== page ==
When I was young, my mother started working for the Department of Health and Human services here in our home town of Bakersfield, Ca. We had spent a couple years on Welfare when we moved to Bakersfield, but we actually used it for what it was meant for, and that was to help you get back on your feet.
When my mother started with the County, she made made friends right off the bat. She was just that kind of person, and over time, one of those friends was James Baier, or Jim as he liked to be called.
Jim had a way of letting everyone know that he had everything under control. That as long as he was in the mix, there was little that would or could go wrong. You see… Jim was a former Marine. Not just that, he was, in my opinion, a “Marine’s Marine”. When I think of the attitude that Jim exuded, I always think of a line from the movie “Heartbreak Ridge”… “Be advised. I’m mean, nasty and tired. I eat concertina wire and piss napalm and I can put a round in a flea’s ass at 200 meters. So why don’t you go hump somebody elses leg, mutt face, before I push yours in.”
It would be hard for me to say that Jim was sweet, kind or gentle… I am sure he was to the right people. But at the point where he came into my life, I think that he understood that this was not something I needed. He saw that I was just on the verge of going in the wrong direction and needed my ass kicked a few times a week to get it back in line. This was something that my mother was no longer able to do. Though she tried, it was just not having the correct affect on me. I think that he saw this and took action.
At the age of 16, and on my own, with no real direction from my mother or father (when he made the rare appearance) decided to join the Marine Corps. Once Jim learned of this, it was all over. He pressed me, pushed me and drilled me every time he came by the house. It got to the point that, on a few occasions, I made sure I was not there when he came by. Not that I did not like him, just that I did not want to be ordered around.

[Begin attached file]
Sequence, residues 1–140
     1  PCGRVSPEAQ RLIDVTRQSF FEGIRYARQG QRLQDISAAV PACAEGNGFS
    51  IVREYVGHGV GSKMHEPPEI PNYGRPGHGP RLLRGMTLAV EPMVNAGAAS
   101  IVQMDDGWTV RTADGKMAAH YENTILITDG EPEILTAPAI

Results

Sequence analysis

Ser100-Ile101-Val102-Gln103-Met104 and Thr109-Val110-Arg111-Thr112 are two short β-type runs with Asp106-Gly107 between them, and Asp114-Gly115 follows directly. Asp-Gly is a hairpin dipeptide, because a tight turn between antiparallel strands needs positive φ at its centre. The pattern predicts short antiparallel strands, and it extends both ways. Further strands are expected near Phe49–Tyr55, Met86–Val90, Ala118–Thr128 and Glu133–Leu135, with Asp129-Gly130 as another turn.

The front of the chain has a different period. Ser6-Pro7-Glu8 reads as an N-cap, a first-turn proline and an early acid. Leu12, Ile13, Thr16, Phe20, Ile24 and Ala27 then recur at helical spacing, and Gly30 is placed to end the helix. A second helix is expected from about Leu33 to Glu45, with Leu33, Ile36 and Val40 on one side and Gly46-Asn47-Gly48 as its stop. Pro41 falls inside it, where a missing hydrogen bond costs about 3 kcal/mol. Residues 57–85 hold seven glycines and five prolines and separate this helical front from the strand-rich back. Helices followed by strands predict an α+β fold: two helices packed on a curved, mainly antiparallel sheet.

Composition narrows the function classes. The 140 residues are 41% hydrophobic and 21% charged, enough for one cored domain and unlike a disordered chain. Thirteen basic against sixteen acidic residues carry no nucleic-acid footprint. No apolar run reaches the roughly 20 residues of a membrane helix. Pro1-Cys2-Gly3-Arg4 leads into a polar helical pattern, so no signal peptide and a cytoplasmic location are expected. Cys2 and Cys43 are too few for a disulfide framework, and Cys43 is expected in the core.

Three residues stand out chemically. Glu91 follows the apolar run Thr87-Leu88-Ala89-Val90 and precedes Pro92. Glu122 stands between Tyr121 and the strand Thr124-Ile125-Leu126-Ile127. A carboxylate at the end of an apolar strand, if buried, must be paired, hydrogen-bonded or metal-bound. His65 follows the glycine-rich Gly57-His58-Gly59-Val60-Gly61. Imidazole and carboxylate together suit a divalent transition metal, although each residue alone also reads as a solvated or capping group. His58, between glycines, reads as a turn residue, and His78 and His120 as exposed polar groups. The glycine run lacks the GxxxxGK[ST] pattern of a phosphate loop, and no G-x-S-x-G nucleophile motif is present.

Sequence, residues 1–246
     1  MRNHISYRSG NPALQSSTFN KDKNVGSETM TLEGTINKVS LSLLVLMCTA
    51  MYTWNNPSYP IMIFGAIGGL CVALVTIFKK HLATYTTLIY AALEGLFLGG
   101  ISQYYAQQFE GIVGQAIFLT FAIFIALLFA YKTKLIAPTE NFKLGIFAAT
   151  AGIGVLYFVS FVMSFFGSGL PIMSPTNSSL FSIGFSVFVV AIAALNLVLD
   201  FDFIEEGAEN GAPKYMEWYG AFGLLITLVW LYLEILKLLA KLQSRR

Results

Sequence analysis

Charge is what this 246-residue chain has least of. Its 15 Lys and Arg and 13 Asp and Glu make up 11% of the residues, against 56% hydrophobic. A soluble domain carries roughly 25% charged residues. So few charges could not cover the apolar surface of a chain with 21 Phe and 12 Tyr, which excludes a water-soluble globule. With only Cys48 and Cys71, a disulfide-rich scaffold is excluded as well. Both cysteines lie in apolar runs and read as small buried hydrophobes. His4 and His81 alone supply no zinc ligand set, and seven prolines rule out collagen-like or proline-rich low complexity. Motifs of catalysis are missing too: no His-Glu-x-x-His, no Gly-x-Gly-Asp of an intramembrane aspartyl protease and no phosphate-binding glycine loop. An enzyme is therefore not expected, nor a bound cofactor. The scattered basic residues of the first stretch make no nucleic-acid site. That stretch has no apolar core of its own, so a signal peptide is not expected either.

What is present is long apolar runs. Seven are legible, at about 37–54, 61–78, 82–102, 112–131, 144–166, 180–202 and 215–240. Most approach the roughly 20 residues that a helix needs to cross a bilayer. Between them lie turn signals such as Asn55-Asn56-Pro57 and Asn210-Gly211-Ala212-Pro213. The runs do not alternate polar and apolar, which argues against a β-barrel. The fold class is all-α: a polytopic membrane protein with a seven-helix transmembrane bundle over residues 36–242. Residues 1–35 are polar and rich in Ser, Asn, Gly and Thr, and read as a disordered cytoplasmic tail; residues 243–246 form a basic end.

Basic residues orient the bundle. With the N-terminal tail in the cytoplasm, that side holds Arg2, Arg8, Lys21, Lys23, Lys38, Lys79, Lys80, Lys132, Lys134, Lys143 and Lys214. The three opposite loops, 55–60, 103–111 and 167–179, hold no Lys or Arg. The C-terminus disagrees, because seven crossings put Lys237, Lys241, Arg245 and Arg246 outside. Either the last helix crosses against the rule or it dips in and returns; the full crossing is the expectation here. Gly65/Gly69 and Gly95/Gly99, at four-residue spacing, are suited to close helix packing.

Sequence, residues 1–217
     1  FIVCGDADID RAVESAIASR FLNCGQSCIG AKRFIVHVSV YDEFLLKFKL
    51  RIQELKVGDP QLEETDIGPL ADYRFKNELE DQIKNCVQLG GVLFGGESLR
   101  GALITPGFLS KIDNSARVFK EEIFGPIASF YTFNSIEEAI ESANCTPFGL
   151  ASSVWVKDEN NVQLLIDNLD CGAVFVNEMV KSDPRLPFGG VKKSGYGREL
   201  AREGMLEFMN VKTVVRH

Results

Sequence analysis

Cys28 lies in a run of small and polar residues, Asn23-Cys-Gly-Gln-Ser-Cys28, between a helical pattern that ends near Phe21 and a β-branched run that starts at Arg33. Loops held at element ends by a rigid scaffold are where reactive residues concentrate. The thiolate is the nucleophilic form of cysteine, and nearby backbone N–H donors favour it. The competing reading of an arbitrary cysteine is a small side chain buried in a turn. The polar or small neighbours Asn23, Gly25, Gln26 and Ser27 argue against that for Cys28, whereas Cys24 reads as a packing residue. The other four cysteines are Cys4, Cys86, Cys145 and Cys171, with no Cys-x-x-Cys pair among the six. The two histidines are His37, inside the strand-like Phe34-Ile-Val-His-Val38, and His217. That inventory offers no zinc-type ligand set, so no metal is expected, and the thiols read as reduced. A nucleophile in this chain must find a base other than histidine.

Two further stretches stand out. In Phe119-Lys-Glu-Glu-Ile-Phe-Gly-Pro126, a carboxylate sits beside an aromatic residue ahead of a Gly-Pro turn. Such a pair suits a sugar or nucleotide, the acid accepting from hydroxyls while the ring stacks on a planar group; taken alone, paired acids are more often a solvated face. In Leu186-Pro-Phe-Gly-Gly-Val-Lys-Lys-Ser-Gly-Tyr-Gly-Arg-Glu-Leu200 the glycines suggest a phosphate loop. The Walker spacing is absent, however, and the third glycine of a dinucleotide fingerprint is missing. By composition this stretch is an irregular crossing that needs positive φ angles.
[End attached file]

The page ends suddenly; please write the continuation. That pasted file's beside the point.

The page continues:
At the time, I did not see what he was doing to me. I did not understand then, as is usually the case, that what he was doing was simply getting me ready for that which I needed to learn in the real world. That which I would soon be subjected to when I climbed off that van at MCRD in San Diego.
Jim was, from my memory, not without his problems. Like my father, he drank too much and he swore a little too much, even for me. I always thought of him as being a little on the self destructive side and there was always something about him that seemed lonely. That being said, there was never a better person to have on your side if you needed help or emotional support. There was also never a worse person to have as an enemy should you discover the place to his bad side.
I was always a little jelealous of his family. While they were people I knew, and I went to school with both of his children, I never “knew” them until later. In the short period of time that Jim was part of my life, he made a huge impression on me and my life. There is very little that I do today that does not occasionally cause me to think of him.
Jim passed away in, I think, 1996. With his passing, I feel that everyone that knew him or whose path he had crossed, had lost something special. There are even a couple people I know that did not like him, that felt a loss when he had died.
Because of the positive influence that Jim had on me, the lessons that he taught me, both directly and indirectly, and the effect he had on my family. For that, he is included in my list of personal heroes.
Thank you Jim… Godspeed and Sempre Fi!
Note: If you are reading this, and you are one of Jim’s family members, you are more than welcome to email me. I would love to talk to you.